Brooke was a hard-working and adept rancher with a passion for the land and the animals and everything that must be done every day – come rain, shine or blizzard. I didn’t understand, however, why the narrative had to keep pointing out just how surprised and impressed Adam was with her proficiency on the ranch “doing a man’s job.” Why wouldn’t she be adept at a job she grew up doing and had a passion for? But I actually quite enjoyed the final third of the book as Brooke discovered an aptitude for something other than ranching and allowed herself to consider that perhaps she could assert a bit of independence from her family. Adam carried a heavy weight of guilt from his last tour of duty. As he opened himself up to Brooke and the people of Valentine, it seemed to give him the space he needed to heal. He seemed to find new purpose being in service to his grandmother, Brooke’s family’s ranch and his community. Despite the slow start, I rather enjoyed how the story all came together.
Having said all that, True Love at Silver Creek Ranch is a quick read with a cozy small-town vibe and some heartwarming messages. And even though I felt like the insta-attraction was a bit forced in the beginning, I did like where Brooke and Adam eventually ended up.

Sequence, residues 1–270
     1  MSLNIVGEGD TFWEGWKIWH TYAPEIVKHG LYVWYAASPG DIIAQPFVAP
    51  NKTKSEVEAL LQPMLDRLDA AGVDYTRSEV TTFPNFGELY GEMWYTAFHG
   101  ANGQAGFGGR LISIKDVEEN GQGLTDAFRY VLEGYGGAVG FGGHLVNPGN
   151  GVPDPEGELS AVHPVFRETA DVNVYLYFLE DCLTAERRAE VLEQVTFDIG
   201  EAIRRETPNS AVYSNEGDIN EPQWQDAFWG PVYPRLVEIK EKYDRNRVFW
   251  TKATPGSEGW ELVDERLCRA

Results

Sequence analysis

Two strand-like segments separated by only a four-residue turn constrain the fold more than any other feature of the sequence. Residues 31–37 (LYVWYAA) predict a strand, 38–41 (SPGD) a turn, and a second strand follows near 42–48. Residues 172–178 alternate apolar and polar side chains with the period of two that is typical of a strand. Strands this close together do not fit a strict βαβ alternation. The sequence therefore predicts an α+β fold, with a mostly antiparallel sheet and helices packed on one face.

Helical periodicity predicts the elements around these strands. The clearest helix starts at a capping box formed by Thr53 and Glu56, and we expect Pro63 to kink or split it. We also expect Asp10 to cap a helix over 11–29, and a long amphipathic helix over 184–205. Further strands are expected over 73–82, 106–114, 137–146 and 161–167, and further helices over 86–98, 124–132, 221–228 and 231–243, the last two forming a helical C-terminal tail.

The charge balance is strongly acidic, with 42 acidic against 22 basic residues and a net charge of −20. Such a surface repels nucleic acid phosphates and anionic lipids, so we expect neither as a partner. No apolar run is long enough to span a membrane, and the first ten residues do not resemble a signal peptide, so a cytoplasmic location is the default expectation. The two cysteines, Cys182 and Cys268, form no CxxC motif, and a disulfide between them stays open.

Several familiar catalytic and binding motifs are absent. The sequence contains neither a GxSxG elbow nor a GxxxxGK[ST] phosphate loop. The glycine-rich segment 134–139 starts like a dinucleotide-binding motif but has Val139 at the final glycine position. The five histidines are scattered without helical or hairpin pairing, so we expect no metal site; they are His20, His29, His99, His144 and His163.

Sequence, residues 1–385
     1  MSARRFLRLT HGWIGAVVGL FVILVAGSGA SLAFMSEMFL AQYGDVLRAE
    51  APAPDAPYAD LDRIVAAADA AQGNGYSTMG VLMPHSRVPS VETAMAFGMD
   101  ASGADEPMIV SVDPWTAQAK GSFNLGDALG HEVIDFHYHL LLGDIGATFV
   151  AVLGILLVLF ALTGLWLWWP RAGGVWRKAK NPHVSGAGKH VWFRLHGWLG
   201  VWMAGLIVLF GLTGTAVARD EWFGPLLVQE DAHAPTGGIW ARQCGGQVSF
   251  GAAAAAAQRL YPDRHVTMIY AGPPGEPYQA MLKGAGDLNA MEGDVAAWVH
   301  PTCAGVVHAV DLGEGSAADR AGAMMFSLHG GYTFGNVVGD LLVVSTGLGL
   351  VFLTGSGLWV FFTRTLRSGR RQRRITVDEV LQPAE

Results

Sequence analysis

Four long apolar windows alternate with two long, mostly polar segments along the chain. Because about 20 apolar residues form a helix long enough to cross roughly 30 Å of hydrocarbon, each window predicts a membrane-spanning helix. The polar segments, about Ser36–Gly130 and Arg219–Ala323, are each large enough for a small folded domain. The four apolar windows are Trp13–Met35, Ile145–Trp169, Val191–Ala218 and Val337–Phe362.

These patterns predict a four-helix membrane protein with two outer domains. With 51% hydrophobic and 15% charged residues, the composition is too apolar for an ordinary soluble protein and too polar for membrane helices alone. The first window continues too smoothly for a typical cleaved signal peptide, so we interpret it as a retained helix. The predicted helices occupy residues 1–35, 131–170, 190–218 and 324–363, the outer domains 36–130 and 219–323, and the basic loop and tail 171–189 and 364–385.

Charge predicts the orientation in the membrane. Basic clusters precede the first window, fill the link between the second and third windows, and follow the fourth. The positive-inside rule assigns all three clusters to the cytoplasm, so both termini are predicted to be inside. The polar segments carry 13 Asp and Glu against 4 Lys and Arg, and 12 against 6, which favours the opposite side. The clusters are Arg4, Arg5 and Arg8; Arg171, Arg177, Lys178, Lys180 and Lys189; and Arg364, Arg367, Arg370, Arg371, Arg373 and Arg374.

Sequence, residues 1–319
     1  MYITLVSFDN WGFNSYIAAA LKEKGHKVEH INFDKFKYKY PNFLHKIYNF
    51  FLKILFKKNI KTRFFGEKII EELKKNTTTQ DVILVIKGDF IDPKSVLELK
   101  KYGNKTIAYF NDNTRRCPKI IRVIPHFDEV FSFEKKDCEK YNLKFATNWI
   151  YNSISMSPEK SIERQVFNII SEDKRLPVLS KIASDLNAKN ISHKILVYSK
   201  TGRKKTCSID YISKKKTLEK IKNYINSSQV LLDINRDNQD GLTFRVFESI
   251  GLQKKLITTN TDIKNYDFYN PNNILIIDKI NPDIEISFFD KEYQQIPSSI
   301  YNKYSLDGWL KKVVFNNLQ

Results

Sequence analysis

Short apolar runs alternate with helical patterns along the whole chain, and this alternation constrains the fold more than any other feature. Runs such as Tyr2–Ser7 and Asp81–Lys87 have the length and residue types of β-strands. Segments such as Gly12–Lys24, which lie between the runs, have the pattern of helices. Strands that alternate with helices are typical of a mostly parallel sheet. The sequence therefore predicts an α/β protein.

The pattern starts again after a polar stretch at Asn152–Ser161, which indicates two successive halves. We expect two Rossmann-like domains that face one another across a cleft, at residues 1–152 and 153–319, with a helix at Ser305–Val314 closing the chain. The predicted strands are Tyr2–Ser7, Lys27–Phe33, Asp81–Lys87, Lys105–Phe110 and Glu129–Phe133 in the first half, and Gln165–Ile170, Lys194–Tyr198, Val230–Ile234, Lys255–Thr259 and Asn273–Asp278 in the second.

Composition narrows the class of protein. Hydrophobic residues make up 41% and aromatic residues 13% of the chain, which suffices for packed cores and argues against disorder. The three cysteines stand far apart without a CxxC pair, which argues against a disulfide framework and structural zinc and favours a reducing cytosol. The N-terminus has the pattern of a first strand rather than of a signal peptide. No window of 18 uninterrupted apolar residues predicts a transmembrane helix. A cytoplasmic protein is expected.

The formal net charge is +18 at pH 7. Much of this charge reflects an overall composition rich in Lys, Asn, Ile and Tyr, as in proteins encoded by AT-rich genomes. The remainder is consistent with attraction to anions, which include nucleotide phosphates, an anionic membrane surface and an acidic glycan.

I give True Love at Silver Creek Ranch a C.
5 thoughts on “Review – True Love at Silver Creek Ranch by Emma Cane”
I had a really hard time with the first book so I was going to wait for a review of this one before I read. And I shall pass. Same probs here as I had in book one. SIGH.
@Mandi: I hear ya:-)
Thanks for this review. I don’t think I would have persevered though, it sounds disappointing, especially that first half of the book.
What have I done that I get a warning in my comment? Missing argument 2?
@aurian: Hmmm…I’m not sure what a “missing argument 2” error is…the comment seemed to go through just fine though. If that keeps happening, we’ll have to ask Lou about it.
I find I’m more likely to finish a book for the blog that I would not have otherwise bothered with if it was just a personal read. It’s sort of the flip-side of book reviewing. Can’t love em all;-)